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Manitoba History No. 89
Manitoba
History

No. 89

AGM 2019
MHS
Annual
General
Meeting

Spring Field Trip 2019
MHS
Spring
Field Trip

Summer Field Trip 2019
MHS
Summer
Field Trip

Fall Field Trip 2019
MHS
Fall
Field Trip

War Memorials in Manitoba
War
Memorials
in Manitoba

This Old Elevator
This Old
Elevator

Abandoned Manitoba
Abandoned
Manitoba

Memorable Manitobans
Memorable
Manitobans

Historic Sites of Manitoba
Historic Sites
of Manitoba

Memorable Manitobans: Charles Edward “Charlie” Hayles (c1885-1952)

Grain executive.

Born in the United States around 1885, he came to Canada in 1911 and began his career in the Manitoba grain trade in 1912, as a grain buyer at Ferndale. By 1924, he was working for the Dominion Elevator Company. He became the Vice-President of the Canadian Consolidated Grain Company when it was founded, rising to the positions of Vice-President and General Manager (1928-1942) and President and General Manager (1942-1952). He was also President of the Northwest Line Elevators Association, President of the Northwest Grain Dealers’ Association, President of the Lake Shippers Association, a director of the Dominion Malting Company, Vice-President of the Grain Insurance and Guarantee Company, a member of the advisory committee of Toronto General Trusts, and Chairman of the Labour Committee of the Terminal Elevators Association. He was appointed to the advisory council of the Canadian Wheat Board in 1947. He was a member of the Winnipeg Grain Exchange from 1922 to his death, serving a term as its President (1931-1932).

On 23 October 1924, he married Martha McDonald “Mae” Whamond (c1887-1962) at Winnipeg and they had four children: Evelyn Hayles (wife of W. G. Thomas), June Hayles, Charles Hayles, and Bruce Hayles (1930-2016). He was also President of the Canadian Forestry Association (1949) and operated a large farm at Grosse Isle, winning prizes at provincial exhibitions for his shorthorn cattle. He was a member of the Manitoba Club, Winnipeg Winter Club, St. Charles Country Club, and St. George’s Anglican Church.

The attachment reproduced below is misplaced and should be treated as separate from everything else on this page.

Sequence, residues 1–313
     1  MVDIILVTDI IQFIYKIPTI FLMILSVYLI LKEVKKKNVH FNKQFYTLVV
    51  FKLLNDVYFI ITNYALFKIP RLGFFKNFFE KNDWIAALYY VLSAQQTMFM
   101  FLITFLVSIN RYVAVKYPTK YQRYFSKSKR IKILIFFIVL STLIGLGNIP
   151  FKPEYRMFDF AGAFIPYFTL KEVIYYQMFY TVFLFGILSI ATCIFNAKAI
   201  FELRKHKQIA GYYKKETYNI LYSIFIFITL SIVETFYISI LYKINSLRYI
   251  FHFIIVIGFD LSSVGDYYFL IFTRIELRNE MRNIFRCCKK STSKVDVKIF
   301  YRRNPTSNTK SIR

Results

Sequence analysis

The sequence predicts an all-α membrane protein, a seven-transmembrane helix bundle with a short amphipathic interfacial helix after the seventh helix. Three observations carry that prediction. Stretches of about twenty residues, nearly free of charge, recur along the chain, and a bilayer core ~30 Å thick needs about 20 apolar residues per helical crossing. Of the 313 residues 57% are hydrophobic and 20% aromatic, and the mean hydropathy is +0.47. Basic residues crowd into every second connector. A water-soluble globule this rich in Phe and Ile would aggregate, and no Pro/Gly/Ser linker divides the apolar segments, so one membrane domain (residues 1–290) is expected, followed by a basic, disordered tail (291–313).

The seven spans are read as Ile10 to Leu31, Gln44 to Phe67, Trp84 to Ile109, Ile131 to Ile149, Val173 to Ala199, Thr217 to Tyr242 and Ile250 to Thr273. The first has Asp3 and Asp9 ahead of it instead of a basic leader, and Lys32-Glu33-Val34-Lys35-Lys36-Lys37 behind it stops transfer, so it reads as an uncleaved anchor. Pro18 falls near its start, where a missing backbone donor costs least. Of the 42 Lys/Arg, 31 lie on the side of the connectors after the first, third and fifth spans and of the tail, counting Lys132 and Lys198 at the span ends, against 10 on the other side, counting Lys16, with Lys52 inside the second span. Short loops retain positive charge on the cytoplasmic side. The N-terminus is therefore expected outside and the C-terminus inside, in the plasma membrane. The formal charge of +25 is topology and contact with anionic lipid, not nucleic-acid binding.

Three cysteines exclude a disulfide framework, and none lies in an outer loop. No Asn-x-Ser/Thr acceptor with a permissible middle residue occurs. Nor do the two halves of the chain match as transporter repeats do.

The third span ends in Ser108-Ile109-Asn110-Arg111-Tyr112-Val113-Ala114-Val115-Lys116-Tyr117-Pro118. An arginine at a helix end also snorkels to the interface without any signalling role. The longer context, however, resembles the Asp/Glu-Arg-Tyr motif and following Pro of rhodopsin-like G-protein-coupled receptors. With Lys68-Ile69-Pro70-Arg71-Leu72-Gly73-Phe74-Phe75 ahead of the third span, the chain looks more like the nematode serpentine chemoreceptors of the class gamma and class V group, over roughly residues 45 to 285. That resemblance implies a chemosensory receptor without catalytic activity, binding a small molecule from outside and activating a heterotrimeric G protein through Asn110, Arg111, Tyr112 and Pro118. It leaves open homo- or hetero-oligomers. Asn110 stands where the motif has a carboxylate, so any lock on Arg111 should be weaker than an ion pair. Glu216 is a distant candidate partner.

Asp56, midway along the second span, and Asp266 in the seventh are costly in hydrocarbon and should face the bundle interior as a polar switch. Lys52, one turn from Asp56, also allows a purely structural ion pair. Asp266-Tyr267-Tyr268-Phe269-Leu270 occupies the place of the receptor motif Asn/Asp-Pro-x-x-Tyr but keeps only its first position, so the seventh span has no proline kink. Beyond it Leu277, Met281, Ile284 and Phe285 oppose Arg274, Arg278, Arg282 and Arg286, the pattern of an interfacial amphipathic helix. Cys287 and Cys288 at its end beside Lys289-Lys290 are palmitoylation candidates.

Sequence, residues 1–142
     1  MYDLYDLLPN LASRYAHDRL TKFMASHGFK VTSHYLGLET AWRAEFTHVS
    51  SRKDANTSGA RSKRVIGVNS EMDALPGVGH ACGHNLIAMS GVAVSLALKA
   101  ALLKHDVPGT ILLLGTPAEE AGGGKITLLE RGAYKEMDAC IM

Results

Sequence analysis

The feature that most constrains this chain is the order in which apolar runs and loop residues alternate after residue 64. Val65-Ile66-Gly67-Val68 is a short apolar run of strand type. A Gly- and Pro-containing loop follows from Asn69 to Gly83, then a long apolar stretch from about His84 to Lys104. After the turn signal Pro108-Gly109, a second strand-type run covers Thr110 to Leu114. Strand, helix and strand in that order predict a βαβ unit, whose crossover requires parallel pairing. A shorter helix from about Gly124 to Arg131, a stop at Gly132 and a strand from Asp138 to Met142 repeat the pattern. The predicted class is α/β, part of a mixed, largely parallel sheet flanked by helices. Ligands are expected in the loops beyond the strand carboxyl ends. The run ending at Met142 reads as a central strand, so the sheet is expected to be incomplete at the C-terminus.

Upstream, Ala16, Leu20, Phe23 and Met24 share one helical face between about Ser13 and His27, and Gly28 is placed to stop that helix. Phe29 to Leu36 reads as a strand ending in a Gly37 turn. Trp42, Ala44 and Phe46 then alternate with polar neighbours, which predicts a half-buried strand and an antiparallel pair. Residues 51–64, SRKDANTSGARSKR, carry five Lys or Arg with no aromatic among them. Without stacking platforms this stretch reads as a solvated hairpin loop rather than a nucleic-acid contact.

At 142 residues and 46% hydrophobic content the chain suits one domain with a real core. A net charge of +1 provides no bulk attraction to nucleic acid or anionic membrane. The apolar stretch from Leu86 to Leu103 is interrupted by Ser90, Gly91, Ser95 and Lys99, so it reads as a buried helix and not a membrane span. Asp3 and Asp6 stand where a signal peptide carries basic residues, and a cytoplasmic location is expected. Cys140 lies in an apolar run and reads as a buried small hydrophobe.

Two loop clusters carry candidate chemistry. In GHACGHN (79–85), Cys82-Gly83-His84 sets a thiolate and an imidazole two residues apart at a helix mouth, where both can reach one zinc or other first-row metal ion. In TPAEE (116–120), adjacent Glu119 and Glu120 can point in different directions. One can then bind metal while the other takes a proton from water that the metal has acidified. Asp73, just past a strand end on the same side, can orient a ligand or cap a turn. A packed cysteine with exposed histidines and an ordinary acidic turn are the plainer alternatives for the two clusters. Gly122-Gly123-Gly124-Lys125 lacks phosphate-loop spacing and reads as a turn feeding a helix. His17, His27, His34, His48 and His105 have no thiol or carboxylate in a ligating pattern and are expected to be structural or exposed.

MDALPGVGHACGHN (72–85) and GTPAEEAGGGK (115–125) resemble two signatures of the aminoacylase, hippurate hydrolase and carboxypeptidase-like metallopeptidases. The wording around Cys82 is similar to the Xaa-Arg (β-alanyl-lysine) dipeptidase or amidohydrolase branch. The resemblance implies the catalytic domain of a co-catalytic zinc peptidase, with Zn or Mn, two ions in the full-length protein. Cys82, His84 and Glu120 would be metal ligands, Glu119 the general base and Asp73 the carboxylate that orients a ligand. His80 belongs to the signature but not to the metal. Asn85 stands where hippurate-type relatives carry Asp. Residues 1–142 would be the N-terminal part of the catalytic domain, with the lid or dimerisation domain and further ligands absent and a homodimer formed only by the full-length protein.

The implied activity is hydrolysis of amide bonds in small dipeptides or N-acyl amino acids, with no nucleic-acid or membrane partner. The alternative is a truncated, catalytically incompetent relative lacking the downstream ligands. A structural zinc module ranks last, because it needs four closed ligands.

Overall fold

He died suddenly at his Winnipeg home, 190 Oxford Street, on 3 September 1952 and was buried in the Elmwood Cemetery.

Sources:

1921 Canada census, Ancestry.

“Firms donating to picnic fund,” Winnipeg Tribune, 24 July 1924, page 2.

Marriage registration, Manitoba Vital Statistics.

“C. E. Hayles,” Winnipeg Tribune, 9 September 1931, page 13.

“C. E. Hayles heads forestry association,” Winnipeg Tribune, 16 February 1949, page 4.

“Noted figure in grain trade dies suddenly,” Winnipeg Free Press, 3 September 1952, page 1.

Obituary [Martha Hayles], Winnipeg Free Press, 3 July 1962, page 23.

Obituary [Bruce Hayles], Winnipeg Free Press, 10 November 2016.

Burial transcriptions, Manitoba Genealogical Society.

This page was prepared by Gordon Goldsborough.

Page revised: 20 December 2017

Memorable Manitobans

Memorable Manitobans

This is a collection of noteworthy Manitobans from the past, compiled by the Manitoba Historical Society.

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